* Store radishes for up to 2 weeks in a plastic bag for damp cloth in the fridge.
* Slice or grate raw into salads.
* Do not peel, just scrub clean.
* Use in soups, stews, or stir fried.
* Steam radishes for 8-12 minutes until tender but not mushy. Roll in butter and salt and pepper.
* Use radish green like any other cooking green.
* Store in a plastic bag in the fridge.
* Add to a salad for extra color and crispness.
* Try halving a head of radicchio lengthwise, and brush on some extra virgin olive oil, and grill until it softens and just begins to brown-absolutely delicious.
* Store in a damp towel in a plastic bag for up to 1 week.
* Steam spinach for 5-8 minutes.
* 2-3 lbs of spinach cooks down to 2 cups.
* Toss with olive oil, lemon juice, diced garlic, fresh basil leaves, and feta cheese for a salad.
* Toss tender raw leaves into pasta.
* Add spinach to quiche, lasagna, or other baked dishes.
* Substitute spinach for chard in other recipes.
* Summer squash dehydrates quickly. Store in the hydrator drawer of your fridge for a few days.
* Try raw summer squash cut into stick with your favorite dip or in salads.
* Cut into chunks add to summer soups and pasta sauce.
* Grill thick slices for 3-4 minutes over hot coals, then 5-8 minutes on the side of the grill. Baste with marinade.
* Sauté onions in butter or oil, add summer squash and sugar snap peas. Then top with parmesan cheese and serve over pasta.
* To remove excess water and prevent soggy, cooked dishes: Lightly salt the grated or thinly sliced squash. Place in a colander and let stand for 30 minutes. Some water will exude during the resting period. Much more will come out when squeezed or patted with paper towels. If you wish, rinse to remove the salt.
* Winter squash will store at room temperature for at least a month.
* Store for several months in a cool (50-55 degrees) and dry location.
* 1 lb of trimmed raw squash equals 2 cups cooked squash.
* Boil or steam 1-2 cubes for 15-20 minutes. You can peel before or after cooking, but let it cool first.
* Mash cooked squash with butter.
* Add chunks to stews and soups.
* Cut in half carefully lengthwise, scoop out the seeds. Place flesh down in a baking dish. Bake at 350 degrees for 30- 60 minutes depending on size.
* Butternut squash are a good substitute for pumpkins in pie.
* Peel, seed, and shred butternut squash and add to stir fires.
* Add butter and maple syrup or brown sugar to bake squash.
* Cook squash chunks alongside roasting meats.
* Store in a cool dark place for about a month.
* Do not wash until just before you use them.
* Scrub well before cooking.
* The skin is edible so you don't need to peel them.
* Bake sweet potatoes whole at 350° until soft when pricked with a fork. Split open and add a pat of butter.
* Slice sweet potatoes into chunks and toss with olive oil, thyme, salt, and pepper. Roast at 350° for about 45 minutes. Add chunks of potatoes and carrots for a winter root bake.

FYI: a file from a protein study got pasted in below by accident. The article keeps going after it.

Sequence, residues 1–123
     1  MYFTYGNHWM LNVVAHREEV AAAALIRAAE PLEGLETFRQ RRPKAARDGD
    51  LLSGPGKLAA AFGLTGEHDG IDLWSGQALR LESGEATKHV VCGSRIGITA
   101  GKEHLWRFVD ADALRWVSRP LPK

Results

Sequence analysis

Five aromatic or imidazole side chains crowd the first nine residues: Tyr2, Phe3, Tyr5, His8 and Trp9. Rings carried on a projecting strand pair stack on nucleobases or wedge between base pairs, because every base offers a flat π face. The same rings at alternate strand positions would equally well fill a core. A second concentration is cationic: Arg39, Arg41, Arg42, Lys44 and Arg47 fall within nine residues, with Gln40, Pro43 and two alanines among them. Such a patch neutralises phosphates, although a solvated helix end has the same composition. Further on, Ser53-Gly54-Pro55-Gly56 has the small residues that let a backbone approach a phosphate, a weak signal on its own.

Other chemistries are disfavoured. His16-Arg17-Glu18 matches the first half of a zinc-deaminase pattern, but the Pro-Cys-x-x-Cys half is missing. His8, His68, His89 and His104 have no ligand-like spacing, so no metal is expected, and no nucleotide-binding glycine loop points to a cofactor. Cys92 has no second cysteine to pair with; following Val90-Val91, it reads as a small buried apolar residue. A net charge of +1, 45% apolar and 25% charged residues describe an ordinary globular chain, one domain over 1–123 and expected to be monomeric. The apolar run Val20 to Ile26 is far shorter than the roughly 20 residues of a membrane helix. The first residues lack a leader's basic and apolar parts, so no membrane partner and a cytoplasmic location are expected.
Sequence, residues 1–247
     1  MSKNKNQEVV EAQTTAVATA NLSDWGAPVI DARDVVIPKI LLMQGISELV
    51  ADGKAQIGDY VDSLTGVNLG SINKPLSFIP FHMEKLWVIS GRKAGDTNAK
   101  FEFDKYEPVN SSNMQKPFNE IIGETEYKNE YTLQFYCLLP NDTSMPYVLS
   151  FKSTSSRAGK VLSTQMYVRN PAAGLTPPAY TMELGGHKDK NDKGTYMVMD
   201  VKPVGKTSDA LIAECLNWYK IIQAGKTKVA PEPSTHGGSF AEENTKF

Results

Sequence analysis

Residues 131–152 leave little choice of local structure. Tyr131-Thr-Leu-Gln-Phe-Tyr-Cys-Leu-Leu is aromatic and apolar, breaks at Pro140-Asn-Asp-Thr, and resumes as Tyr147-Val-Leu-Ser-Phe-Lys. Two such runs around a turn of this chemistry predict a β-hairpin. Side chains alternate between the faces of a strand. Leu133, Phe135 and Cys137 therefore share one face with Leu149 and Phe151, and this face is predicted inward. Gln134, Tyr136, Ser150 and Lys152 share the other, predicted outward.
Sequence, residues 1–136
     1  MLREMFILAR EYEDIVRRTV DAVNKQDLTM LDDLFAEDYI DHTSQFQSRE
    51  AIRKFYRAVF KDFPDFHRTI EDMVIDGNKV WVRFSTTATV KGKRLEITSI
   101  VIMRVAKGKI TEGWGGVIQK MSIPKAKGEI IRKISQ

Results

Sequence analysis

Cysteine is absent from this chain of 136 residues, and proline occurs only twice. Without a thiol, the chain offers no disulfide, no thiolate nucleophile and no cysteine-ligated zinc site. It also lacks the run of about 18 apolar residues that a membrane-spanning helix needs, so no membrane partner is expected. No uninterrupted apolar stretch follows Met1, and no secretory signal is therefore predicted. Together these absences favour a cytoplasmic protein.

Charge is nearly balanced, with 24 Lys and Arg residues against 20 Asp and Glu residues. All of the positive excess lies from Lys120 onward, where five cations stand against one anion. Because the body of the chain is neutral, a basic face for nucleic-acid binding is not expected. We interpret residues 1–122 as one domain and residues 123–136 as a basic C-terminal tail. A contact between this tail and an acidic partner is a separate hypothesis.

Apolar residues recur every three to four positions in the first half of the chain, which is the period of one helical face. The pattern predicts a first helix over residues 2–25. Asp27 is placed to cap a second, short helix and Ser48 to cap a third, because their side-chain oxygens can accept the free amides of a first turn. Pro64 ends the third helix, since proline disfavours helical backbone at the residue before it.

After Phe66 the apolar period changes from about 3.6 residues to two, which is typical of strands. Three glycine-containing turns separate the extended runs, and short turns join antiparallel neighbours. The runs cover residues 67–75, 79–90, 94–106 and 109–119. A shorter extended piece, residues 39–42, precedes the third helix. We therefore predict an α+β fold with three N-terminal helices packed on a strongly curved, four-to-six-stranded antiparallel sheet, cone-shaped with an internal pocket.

* Chop sweet potatoes into very small cubes. Heat butter in a sauté pan and add sweet potatoes. Add cinnamon and ginger and sauté until soft and tender. Serve with rice.
* Sweet potatoes go well with butter, cinnamon, orange, ginger, brown sugar, maple syrup, pecans, and walnuts.
* Place chard in a plastic bag in the hydrator drawer of the refrigerator.
* Chard is best if eaten within 5 days.
* If leaves are large & mature, remove the stem to cook separately. If the greens are young, cook whole.
* Steam large stem pieces for 8-10 min. and leaves for 4-6 min.
* Sauté the leaves in garlic butter or olive oil and garlic.
* Toss steamed leaves with olive oil, lemon juice, salt and pepper OR with sesame oil, rice vinegar or soy sauce.
* Use in place of spinach in most recipes.
* Raw baby leaves are great in green salads.
* Cut tomatoes deteriorate quickly.
* Not fully ripe tomatoes will continue to ripen stored out of the sun at room temperature.
* Make sauces, salsas, and purees for winter eating.
* Sauté, bake, broil, grill, or eat them raw.
* Slice tomatoes and arrange on a plate. Drizzle with olive oil or a vinaigrette, chopped fresh basil or parsley and salt and pepper.
* Add tomato chunks to summer soups and pasta sauces.
* Sauté plum tomatoes and add to an omelet.
* Hollow-out partially, stuff and bake or grill.
* Roast halved tomatoes on a lightly oiled baking pan in a 250° oven for 3 hours (season with minced garlic and fresh, chopped basil before you pop them in the oven.
* Raw turnips last up to 2 weeks in your refrigerator crisper.
* To clean, simply scrub with a vegetable brush under running water UNLESS you're baking them. When baking, there's no need to clean them first. Next, cut away the greens (optional -- the greens ARE edible).
* Turnips can be sliced, diced, chopped, or left whole depending on their size, and cooking technique you'll be choosing. They can also be grated to be used in salads or coleslaws.